Is Religious Practice Dying in America? Not So Fast, Say Experts
Is religious practice in America dying? If taken at face value, the conclusion of recent studies is clear: the U.S. is becoming increasingly secular. However, other studies continue to show that religious practice leads to increased happiness, less depression, and more involvement in community life, with a religious upbringing leading to positive outcomes in adulthood. In the end, experts say, what remains evident is that despite numerous challenges and a changing landscape, Christianity in America isn’t going anywhere.
Reports that American religion is dying are greatly exaggerated, says sociologist Byron R. Johnson and epidemiologist Jeff Levin in a recent Wall Street Journal op-ed. They argue that while mainline Christian denominations are clearly losing members, there is little evidence that these former mainline members are giving up on the faith completely. Rather, they are merely switching to other lesser-known denominations and faiths. Johnson and Levin contend that studies trumpeting the rise of the “Nones” (those who say they have no religious affiliation) are making the critical error of lumping those who classify themselves as part of lesser-known denominations and church plants (or “Others”) with actual Nones, which artificially inflates the numbers of actual Nones.
This argument fits with that of sociologist Brad Wilcox in a recent article for the Institute for Family Studies. In it, he maintains that despite church scandals, liberal academic and ex-believer hit jobs, and a consistently negative legacy media narrative, religious practice continues to provide adherents with increased rates of happiness, less depression, and more involvement in community life when compared to non-believers and those who are religiously inactive.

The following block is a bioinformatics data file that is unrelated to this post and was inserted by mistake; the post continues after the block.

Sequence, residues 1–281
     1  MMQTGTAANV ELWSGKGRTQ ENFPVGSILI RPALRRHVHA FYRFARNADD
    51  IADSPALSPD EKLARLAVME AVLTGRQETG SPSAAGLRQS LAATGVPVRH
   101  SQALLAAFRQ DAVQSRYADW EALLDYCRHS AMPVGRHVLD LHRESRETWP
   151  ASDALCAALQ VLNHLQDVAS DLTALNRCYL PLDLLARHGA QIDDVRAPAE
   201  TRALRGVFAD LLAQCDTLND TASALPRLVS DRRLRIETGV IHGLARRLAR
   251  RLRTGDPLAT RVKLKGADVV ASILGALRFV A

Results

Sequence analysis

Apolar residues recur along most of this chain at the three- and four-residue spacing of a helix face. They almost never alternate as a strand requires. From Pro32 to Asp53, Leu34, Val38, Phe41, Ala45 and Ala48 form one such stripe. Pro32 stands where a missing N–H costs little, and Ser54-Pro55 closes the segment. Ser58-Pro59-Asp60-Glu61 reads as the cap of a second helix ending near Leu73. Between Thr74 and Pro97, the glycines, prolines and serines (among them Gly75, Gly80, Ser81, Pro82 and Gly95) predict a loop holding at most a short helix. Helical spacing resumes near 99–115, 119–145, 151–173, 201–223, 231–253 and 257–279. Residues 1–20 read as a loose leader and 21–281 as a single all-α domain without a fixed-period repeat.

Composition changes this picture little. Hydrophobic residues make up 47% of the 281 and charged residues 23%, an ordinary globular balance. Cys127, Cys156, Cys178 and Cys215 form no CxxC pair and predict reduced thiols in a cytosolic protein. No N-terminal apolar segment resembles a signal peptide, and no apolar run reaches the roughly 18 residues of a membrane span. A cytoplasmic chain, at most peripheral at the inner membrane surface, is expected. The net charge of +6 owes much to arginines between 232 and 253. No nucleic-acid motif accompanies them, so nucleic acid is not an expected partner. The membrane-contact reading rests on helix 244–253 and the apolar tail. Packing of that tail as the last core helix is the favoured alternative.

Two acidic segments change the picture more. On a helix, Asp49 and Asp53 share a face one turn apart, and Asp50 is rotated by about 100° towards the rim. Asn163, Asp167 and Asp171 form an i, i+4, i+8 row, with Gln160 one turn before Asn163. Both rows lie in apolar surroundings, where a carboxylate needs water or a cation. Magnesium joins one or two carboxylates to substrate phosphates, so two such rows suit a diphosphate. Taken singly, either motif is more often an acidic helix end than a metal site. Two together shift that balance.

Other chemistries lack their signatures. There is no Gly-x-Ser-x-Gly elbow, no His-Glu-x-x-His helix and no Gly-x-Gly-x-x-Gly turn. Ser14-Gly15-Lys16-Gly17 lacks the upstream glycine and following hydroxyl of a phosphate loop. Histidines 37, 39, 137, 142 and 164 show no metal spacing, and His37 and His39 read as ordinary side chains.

The importance of a grounding in religious practice at an early age is also a clear indicator of an assortment of positive outcomes, Wilcox asserts. He pointed to research done by Baylor University which found that:
Adult men and women who attended religious services at least weekly at age 12 were more likely to report that they were currently “very happy,” more likely to report that they receive “a lot” of attention from others, and less likely to indicate that they were frequently bored, when compared to those who attended less frequently or not at all. For instance, those who attended as children were about 6 percentage points more likely to report they were “very happy” as adults and 9 percentage points less likely to report they were “frequently bored.”
George Barna is a senior research fellow at Family Research Council’s Center for Biblical Worldview and a professor and the Director of Research at the Cultural Research Center at Arizona Christian University. His research confirms Wilcox’s contention that a worldview formed early in life is immensely important to the beliefs that a person holds for the remainder of their earthly journey.
“The bulk of a person’s worldview is formed by the age of 13,” he told The Washington Stand. “That worldview is based on core beliefs and values, resulting in the filter through which we make our behavioral choices. The failure to raise a child to be a disciple of Jesus — that is, to know the foundational principles of the Christian faith and to live accordingly — has a strong correlation with the child growing up without a serious, transformational commitment to Christ.”
Barna went on to note how crucial parental involvement is in forming a child’s worldview.
“Parents are the most important role model in a child’s life,” he said. “We cannot simply talk about the Christian faith; we must consistently speak and behave in harmony with basic biblical principles. That includes intentionally teaching those ways to our children and complimenting them when they live in that manner. Having earnest, daily conversations with them about what we do, why we do it, and how it relates to God’s truth is critical toward shaping their mind and heart into conformity with God’s ways.”